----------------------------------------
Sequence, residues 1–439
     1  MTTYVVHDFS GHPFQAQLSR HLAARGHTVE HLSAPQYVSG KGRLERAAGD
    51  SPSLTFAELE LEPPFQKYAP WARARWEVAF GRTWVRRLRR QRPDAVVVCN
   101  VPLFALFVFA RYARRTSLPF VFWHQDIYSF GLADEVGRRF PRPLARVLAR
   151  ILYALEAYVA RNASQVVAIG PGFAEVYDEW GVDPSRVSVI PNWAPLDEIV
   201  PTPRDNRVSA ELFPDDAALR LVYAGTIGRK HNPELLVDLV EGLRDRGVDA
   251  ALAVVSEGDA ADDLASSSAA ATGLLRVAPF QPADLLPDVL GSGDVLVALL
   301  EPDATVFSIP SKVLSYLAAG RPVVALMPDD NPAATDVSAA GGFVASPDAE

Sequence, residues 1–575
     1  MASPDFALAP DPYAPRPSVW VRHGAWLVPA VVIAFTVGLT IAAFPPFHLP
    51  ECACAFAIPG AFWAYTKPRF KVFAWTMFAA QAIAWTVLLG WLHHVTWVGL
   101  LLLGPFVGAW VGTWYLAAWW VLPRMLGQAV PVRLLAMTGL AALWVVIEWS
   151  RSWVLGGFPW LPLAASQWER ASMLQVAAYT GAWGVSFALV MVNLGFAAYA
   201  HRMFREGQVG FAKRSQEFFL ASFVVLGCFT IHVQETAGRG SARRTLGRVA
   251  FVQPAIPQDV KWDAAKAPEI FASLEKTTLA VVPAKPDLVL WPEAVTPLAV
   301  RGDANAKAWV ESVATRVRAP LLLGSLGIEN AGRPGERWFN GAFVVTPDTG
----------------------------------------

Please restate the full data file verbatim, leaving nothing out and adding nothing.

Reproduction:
Sequence, residues 1–439
     1  MTTYVVHDFS GHPFQAQLSR HLAARGHTVE HLSAPQYVSG KGRLERAAGD
    51  SPSLTFAELE LEPPFQKYAP WARARWEVAF GRTWVRRLRR QRPDAVVVCN
   101  VPLFALFVFA RYARRTSLPF VFWHQDIYSF GLADEVGRRF PRPLARVLAR
   151  ILYALEAYVA RNASQVVAIG PGFAEVYDEW GVDPSRVSVI PNWAPLDEIV
   201  PTPRDNRVSA ELFPDDAALR LVYAGTIGRK HNPELLVDLV EGLRDRGVDA
   251  ALAVVSEGDA ADDLASSSAA ATGLLRVAPF QPADLLPDVL GSGDVLVALL
   301  EPDATVFSIP SKVLSYLAAG RPVVALMPDD NPAATDVSAA GGFVASPDAE

Sequence, residues 1–575
     1  MASPDFALAP DPYAPRPSVW VRHGAWLVPA VVIAFTVGLT IAAFPPFHLP
    51  ECACAFAIPG AFWAYTKPRF KVFAWTMFAA QAIAWTVLLG WLHHVTWVGL
   101  LLLGPFVGAW VGTWYLAAWW VLPRMLGQAV PVRLLAMTGL AALWVVIEWS
   151  RSWVLGGFPW LPLAASQWER ASMLQVAAYT GAWGVSFALV MVNLGFAAYA
   201  HRMFREGQVG FAKRSQEFFL ASFVVLGCFT IHVQETAGRG SARRTLGRVA
   251  FVQPAIPQDV KWDAAKAPEI FASLEKTTLA VVPAKPDLVL WPEAVTPLAV
   301  RGDANAKAWV ESVATRVRAP LLLGSLGIEN AGRPGERWFN GAFVVTPDTG